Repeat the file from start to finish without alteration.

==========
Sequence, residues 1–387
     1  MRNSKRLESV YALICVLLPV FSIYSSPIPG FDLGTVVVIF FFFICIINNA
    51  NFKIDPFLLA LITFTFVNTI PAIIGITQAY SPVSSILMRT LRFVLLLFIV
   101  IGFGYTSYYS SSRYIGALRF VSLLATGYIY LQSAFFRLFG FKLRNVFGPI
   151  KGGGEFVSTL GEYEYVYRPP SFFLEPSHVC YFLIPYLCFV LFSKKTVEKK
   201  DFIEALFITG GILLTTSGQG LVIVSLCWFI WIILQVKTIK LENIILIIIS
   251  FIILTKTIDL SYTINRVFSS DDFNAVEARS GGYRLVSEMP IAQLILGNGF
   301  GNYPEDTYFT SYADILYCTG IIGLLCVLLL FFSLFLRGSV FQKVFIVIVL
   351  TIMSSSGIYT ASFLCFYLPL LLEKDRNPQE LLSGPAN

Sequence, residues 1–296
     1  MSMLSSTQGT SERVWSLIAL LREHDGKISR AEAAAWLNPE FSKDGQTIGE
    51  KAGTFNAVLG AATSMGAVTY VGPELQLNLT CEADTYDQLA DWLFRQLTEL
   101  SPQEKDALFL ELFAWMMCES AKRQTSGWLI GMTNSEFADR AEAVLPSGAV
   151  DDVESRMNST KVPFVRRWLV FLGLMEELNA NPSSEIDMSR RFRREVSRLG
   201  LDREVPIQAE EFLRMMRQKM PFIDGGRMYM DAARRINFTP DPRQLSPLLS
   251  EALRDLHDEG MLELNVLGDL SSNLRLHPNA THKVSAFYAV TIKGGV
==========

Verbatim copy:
Sequence, residues 1–387
     1  MRNSKRLESV YALICVLLPV FSIYSSPIPG FDLGTVVVIF FFFICIINNA
    51  NFKIDPFLLA LITFTFVNTI PAIIGITQAY SPVSSILMRT LRFVLLLFIV
   101  IGFGYTSYYS SSRYIGALRF VSLLATGYIY LQSAFFRLFG FKLRNVFGPI
   151  KGGGEFVSTL GEYEYVYRPP SFFLEPSHVC YFLIPYLCFV LFSKKTVEKK
   201  DFIEALFITG GILLTTSGQG LVIVSLCWFI WIILQVKTIK LENIILIIIS
   251  FIILTKTIDL SYTINRVFSS DDFNAVEARS GGYRLVSEMP IAQLILGNGF
   301  GNYPEDTYFT SYADILYCTG IIGLLCVLLL FFSLFLRGSV FQKVFIVIVL
   351  TIMSSSGIYT ASFLCFYLPL LLEKDRNPQE LLSGPAN

Sequence, residues 1–296
     1  MSMLSSTQGT SERVWSLIAL LREHDGKISR AEAAAWLNPE FSKDGQTIGE
    51  KAGTFNAVLG AATSMGAVTY VGPELQLNLT CEADTYDQLA DWLFRQLTEL
   101  SPQEKDALFL ELFAWMMCES AKRQTSGWLI GMTNSEFADR AEAVLPSGAV
   151  DDVESRMNST KVPFVRRWLV FLGLMEELNA NPSSEIDMSR RFRREVSRLG
   201  LDREVPIQAE EFLRMMRQKM PFIDGGRMYM DAARRINFTP DPRQLSPLLS
   251  EALRDLHDEG MLELNVLGDL SSNLRLHPNA THKVSAFYAV TIKGGV